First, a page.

The rest of the meeting was spent discussing job descriptions for Ms. Shields and Ms. Goertz , as independent contractors.  Shields position would likely be titled County Agent and Goertz would be the Office Manager.  Attorney Smith suggested that they take out language such as “extension” and use “extension-like” in its place, stating, “We’re doing these as independent contractor positions so we don’t have to advertise.”
Mr. Kattnig stated that the Board would be creating temporary positions that would keep the 4-H program going until CSU fills the Extension Agent position.
CSU would have to approve Ms. Goertz to continue the 4-H program.  “They don’t have a d**n thing to say about Sara [Shields],” Mr. Kattnig said. When asked what their plan is if CSU doesn’t approve Beverly Goertz to fill this 4-H position, Mr. Kattnig said he would get hold of every politician he knows and call in every newspaper and TV station he can find.  “I probably have more experience than most of the county agents in the state.  I probably have more experience than the district director has.  I know what can be done.  I know what needs to be done.  And if it isn’t done at the state level, we’ll go to the federal level.” [recording]
A follow-up meeting of the BOCC was held on May 4th.
It began with Commissioner Hood stating that a recording had been made of the Tuesday workshop by John Johnston and having it out there [the recording]on social media made it look like it was a recorded BOCC meeting.  “I would like our minutes to show that that was incorrect and that there are falsehoods out there, with accusations being made, so I just want that on the record.” The workshop was not recorded [officially] and she was upset that it was apparently being portrayed to the public that [the recording] was [officially] recorded.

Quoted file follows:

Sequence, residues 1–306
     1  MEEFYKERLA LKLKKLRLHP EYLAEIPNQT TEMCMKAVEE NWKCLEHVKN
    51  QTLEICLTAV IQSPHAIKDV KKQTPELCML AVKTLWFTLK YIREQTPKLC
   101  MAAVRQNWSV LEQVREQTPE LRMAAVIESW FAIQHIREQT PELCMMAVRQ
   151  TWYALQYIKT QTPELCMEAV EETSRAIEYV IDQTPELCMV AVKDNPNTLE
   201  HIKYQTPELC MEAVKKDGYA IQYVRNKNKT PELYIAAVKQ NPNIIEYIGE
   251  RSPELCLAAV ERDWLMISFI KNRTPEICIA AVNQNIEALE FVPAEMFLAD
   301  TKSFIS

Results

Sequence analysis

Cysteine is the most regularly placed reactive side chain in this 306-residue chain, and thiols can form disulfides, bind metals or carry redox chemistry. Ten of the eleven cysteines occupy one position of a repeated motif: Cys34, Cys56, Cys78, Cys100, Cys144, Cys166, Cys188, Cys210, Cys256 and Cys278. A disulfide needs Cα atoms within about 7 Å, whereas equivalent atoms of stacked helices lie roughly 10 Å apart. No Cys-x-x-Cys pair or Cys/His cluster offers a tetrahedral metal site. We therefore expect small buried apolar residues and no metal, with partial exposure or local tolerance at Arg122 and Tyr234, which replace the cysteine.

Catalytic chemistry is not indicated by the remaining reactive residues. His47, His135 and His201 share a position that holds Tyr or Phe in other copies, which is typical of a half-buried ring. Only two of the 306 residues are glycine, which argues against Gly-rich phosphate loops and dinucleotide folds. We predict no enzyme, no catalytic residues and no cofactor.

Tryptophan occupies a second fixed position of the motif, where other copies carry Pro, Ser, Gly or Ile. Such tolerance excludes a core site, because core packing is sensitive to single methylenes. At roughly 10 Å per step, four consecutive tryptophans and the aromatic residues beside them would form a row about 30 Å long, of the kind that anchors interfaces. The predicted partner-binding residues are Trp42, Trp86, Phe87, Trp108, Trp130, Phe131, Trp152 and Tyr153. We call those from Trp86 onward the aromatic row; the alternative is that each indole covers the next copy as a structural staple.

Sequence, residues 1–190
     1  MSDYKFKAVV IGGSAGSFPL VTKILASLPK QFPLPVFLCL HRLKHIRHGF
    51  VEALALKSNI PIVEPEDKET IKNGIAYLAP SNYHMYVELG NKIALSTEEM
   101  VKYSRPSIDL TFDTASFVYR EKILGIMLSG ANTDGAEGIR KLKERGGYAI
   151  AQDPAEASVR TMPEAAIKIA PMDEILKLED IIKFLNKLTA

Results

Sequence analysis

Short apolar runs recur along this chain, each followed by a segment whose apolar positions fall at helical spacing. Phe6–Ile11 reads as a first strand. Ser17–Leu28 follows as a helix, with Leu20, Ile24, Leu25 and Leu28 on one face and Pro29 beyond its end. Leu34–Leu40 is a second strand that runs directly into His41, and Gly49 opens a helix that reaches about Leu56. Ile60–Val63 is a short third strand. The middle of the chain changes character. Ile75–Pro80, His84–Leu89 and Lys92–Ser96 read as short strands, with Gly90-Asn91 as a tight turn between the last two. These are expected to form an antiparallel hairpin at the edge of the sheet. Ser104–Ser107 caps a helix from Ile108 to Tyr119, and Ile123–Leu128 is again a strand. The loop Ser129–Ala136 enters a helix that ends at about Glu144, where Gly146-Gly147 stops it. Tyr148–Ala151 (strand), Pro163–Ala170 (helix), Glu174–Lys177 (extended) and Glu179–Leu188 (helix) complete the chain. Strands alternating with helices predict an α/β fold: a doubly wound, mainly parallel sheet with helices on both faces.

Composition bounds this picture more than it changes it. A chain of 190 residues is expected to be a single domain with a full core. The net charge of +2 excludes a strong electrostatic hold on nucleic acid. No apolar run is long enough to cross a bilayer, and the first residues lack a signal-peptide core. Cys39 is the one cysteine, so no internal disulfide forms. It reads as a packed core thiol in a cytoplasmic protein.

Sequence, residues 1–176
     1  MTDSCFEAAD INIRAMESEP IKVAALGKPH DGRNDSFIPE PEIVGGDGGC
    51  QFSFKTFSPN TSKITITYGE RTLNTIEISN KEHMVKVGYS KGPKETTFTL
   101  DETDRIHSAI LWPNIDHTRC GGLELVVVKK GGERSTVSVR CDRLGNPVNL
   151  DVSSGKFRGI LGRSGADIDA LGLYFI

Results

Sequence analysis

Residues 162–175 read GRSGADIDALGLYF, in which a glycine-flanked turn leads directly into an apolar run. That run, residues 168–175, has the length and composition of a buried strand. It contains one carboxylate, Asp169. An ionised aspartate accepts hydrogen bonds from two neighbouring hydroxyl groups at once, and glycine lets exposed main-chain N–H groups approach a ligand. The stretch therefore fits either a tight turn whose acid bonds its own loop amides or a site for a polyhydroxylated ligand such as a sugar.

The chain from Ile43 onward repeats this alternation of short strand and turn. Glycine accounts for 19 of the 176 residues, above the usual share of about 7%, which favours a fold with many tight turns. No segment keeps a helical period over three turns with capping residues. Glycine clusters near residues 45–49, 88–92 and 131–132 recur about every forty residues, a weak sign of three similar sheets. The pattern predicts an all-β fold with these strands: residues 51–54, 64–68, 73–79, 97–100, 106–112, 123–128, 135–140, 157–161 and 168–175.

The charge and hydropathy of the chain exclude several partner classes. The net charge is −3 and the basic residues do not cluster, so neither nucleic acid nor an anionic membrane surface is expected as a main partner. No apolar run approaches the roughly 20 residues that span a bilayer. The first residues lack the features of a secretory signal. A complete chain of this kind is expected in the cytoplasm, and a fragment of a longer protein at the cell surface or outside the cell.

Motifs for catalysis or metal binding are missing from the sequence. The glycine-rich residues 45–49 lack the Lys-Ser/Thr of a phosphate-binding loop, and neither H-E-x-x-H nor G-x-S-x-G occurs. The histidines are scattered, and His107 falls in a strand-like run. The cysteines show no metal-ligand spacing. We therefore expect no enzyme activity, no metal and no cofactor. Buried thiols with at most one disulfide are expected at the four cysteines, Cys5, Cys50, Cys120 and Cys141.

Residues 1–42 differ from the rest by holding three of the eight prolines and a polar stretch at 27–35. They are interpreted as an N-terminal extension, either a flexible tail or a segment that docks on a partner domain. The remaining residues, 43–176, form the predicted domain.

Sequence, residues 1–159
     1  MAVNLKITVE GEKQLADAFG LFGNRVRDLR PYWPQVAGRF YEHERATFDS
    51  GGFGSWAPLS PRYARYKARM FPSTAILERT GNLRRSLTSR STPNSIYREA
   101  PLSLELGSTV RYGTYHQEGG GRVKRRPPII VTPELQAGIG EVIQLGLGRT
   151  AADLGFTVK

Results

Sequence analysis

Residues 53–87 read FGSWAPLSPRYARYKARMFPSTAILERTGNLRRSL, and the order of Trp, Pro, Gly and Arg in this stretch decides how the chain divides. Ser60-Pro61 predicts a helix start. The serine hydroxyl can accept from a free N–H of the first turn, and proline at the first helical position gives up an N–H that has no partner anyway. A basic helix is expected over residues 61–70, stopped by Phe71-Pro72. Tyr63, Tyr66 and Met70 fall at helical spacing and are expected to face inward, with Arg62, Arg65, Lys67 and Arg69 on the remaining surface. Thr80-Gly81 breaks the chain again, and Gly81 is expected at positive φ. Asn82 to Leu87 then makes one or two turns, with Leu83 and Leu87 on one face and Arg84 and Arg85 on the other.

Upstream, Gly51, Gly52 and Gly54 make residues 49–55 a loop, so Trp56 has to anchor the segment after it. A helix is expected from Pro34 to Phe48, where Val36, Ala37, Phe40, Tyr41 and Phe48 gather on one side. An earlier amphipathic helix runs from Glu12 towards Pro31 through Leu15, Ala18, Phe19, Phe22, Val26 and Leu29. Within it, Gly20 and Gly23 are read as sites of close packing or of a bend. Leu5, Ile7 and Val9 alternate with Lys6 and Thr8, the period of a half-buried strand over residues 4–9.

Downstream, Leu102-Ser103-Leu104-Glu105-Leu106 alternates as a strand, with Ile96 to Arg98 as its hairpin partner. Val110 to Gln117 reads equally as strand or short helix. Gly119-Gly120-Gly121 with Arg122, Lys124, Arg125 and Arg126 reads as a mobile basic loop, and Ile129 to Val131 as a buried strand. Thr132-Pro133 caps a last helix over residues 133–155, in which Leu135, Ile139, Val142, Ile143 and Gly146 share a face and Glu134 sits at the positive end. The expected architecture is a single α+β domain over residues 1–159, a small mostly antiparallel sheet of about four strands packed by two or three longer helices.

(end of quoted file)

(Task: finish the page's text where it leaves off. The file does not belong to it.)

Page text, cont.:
Mr. Kattnig’s opening statement: “I liken social media to the old party line, used to be if the phone rang,
everybody would go grab it so they could hear what everybody else was doing.” He cautioned that “just because it’s on media doesn’t mean it’s true.”
Attorney Clint Smith reported that he stopped in to see Bill Nobles and had a pleasant conversation.  When he filled in Nobles on the plans with Goertz and Shields, Nobles was happy to hear it.  The decision on whether Goertz would have to take further training at CSU was not up to Nobles, but up to Glowacki.  Nobles did assure Smith that the kids here could participate in the weigh-in in either Pueblo or Fremont counties.
Mrs. Hood said that there was a lot of confusion and that what was talked about in the workshop was just a plan.  She also wants to meet with Attorney Smith to work out the contracts for both of them.
The board was very excited and gave the impression that the 4-H issue has now been fixed.
When a 4-H leader asked if 4-H meetings could go on,  the consensus was that, for insurance purposes, they could meet in the courthouse building.  But there needed to be clarification from Director Glowacki that these meetings could go on.

BOCC: Bills, Business and more… Cattleguard Talk and CSU Extension Office Q’s

Board of County
Commissioners (BOCC)
—March 31, 2017
WESTCLIFFE, Colorado

by Jackie Bubis
The meeting started with the pledge of allegiance and roll call. Introductions of the public in attendance followed.
The Board approved minutes from March 21st.
Chairman Kattnig announced that the Extension Office item on the agenda was an update on the extension office, that two hours had already been given to public comment on the matter and that the Board needed to move on.
The Commissioner Items will be discussed at the continuation of this meeting tonight at 7 p.m.
Attorney Clint Smith said he would not be present at the evening meeting.
The Board reviewed and approved the vouchers.
Per the request of Treasurer Virginia Trujillo, on advice of the CPA, two small accounts that had not been used in recent years were deleted by transferring funds from each into the general fund.  On unanimous approval of the Board, the PILT (Payment in Lieu of Taxes) funds will go 100 percent  to the school.
Kathy Reis, from the town of Westcliffe, asked for landfill fees to be waived for the two towns only for the Westcliffe and Silver Cliff clean-up days, scheduled for June 3rd.  Board approved her request.